During the negotiations around the omnibus appropriations bill, the Obama administration made crystal clear their hostility to private sector education – when they informed Congressional leaders that any language in the bill delaying the implementation of the gainful employment regulation until Reauthorization of the Higher Education Act was ”non-negotiable.” Since the completion of the negotiations, the White House has claimed victory for stopping so-called “ideological riders” that were to be attached to the appropriations bill. The administration considers the gainful employment regulation part of Obama and Secretary Duncan’s legacies and went to great lengths to protect it.
Unfortunately, the costs of this blind ideology will likely define them in ways they will regret.
The Pew Research Center recently released a report that shows for the first time in decades there are fewer Americans in the middle class than the upper and lower classes. A similar look at the nation’s gross domestic product showed average growth of 5.7 percent prior to the great recession, and only 3.9 percent growth in the five years since the recession. Compare this data to China where an 8.1 percent average annual growth over the past five years is described as a recession.
Who is most hurt in this ideological effort by the current administration? It is the average American who seeks upward mobility, but is blocked. Two recent reports by the Georgetown Center for Education and the Workforce describe the real legacy of this president. In an August 2015 report “Good Jobs are Back” they write, “The downside of this recovery is that middle-wage jobs have not fully recovered: In spite of the 1.9 million jobs added in the recovery, middle-wage jobs remain 900,000 jobs below their pre-recession employment level.”
A new report this December, “Six Million Missing Jobs,” expands further by stating, “There are still 2 million jobs for workers with some college or an Associate’s degree than there would have been if the recession had not occurred.” The nation’s recovery from the recession has left behind the nation’s middle class.
Private sector higher education has existed in our country since the beginning. Most of our institutions were created to train workers in a specific community with the skills needed for a career. The sector grew – perhaps even too much – during the recent recession as institutions practiced the concept of open enrollment, allowing students to enroll regardless of their academic ability and personal commitment to complete the course of studies. That was wrong.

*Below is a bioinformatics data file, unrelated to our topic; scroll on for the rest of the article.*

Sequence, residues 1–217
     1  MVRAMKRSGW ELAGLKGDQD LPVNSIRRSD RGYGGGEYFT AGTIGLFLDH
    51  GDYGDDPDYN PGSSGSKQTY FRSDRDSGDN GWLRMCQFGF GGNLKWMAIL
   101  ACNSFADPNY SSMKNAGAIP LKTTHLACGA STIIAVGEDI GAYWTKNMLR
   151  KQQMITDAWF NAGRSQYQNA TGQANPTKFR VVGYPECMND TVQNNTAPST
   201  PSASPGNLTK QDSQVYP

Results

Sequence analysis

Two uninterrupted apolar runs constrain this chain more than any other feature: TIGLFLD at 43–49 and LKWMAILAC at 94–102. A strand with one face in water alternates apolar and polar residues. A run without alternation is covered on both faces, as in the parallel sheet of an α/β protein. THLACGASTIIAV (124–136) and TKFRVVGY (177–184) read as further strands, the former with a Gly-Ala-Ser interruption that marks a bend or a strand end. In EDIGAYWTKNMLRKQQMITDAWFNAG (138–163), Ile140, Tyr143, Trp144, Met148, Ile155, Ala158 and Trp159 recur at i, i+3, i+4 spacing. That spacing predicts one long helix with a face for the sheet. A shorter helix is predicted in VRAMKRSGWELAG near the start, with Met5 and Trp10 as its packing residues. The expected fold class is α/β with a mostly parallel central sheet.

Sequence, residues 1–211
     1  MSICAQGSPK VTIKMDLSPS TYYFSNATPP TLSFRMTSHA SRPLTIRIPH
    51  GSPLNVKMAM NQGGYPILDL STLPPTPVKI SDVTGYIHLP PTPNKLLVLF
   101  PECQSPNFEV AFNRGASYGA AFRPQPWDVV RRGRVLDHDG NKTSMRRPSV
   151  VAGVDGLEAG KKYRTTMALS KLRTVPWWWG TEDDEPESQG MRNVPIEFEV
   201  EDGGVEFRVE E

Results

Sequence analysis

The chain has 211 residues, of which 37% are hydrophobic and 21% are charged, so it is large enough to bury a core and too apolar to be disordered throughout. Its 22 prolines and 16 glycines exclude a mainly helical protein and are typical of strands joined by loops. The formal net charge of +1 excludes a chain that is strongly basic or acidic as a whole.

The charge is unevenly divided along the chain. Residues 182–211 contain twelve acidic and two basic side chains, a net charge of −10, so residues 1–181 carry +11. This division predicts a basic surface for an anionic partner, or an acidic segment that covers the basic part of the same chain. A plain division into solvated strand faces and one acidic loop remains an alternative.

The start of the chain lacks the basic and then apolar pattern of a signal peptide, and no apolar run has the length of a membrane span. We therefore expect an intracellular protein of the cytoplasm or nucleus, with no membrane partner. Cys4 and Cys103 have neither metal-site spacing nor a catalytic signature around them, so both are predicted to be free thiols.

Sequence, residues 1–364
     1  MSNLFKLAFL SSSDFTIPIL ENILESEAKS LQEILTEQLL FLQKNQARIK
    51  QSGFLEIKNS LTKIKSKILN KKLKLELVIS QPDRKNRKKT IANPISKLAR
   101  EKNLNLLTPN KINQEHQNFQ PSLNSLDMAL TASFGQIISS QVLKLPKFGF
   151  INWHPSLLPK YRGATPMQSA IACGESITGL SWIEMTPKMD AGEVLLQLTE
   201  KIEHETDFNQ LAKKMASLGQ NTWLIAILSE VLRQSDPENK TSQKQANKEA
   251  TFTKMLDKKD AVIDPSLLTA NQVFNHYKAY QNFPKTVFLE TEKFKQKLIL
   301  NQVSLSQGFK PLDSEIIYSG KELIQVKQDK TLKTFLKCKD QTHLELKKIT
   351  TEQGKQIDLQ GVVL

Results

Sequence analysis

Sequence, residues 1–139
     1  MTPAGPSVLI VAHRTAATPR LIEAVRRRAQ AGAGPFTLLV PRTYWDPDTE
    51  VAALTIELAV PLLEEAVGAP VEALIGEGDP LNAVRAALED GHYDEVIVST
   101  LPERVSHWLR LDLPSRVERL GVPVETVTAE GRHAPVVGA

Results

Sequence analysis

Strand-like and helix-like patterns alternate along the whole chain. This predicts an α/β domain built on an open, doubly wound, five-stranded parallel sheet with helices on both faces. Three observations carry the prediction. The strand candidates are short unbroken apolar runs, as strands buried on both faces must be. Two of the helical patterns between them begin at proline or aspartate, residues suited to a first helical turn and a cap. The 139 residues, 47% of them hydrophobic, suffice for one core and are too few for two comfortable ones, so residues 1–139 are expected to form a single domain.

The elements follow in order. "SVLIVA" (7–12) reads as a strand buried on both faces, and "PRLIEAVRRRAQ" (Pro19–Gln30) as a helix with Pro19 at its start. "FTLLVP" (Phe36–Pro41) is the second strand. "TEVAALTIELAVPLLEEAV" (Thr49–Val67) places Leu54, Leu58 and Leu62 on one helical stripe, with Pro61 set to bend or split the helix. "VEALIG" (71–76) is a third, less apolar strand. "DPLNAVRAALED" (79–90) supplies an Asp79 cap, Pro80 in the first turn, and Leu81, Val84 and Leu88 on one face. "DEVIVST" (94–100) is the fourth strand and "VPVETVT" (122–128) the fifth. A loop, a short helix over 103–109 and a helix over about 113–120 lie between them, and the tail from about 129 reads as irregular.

But today’s postsecondary career colleges are very different. Total enrollment is down half a million students since the height of the recession. Yet, total academic awards are up 21,000. This is because today’s career colleges are focused on outcomes. They are the only sector of higher education to actually have reduced tuition and fees over the past two years. Because the sector serves low-income, first-generation students, financial aid has always been an essential bridge to student access. Yet, the total federal financial aid to students in this sector has decreased by $12 billion over the past five years.
The sector has changed. Unfortunately, this administration has refused to acknowledge such change continuing to pursue ideological battles of the past. What is the potential result? America will neither prepare disadvantaged students with the skills for success in the American economy nor equip American businesses with the skilled workers essential for their future. For example, our nation faces a shortage of 45,000 commercial truck drivers – with little relief in sight.
Ideological debates are appropriate in America’s political campaigns. They have no place in the governance of a nation when the statistics demand constructive collaboration, compromise and cooperation. The nation’s future demands growth in postsecondary career skills. The legacy of this President will be in cutting off access, opportunity and outcomes for the very political constituency he professes to want to help.
The very day that he won his latest battle on gainful employment, the operator of the nation’s most recognized culinary arts programs, Le Cordon Bleu, announced that it would close those campuses by the end of 2017.
Gunderson is president and CEO of the Association of Private Sector Colleges and Universities.